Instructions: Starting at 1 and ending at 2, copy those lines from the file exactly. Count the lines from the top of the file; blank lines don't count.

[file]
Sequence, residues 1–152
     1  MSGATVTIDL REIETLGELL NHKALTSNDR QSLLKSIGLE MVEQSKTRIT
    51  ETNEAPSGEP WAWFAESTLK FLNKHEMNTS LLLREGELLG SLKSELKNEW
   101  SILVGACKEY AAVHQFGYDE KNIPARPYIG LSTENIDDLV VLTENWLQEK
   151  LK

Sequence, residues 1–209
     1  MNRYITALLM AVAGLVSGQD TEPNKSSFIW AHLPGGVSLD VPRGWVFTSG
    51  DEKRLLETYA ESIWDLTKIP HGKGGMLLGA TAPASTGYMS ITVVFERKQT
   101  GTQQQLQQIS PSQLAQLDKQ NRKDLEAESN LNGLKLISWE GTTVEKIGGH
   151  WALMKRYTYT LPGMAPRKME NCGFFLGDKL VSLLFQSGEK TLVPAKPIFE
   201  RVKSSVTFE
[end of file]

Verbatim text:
Sequence, residues 1–152
     1  MSGATVTIDL REIETLGELL NHKALTSNDR QSLLKSIGLE MVEQSKTRIT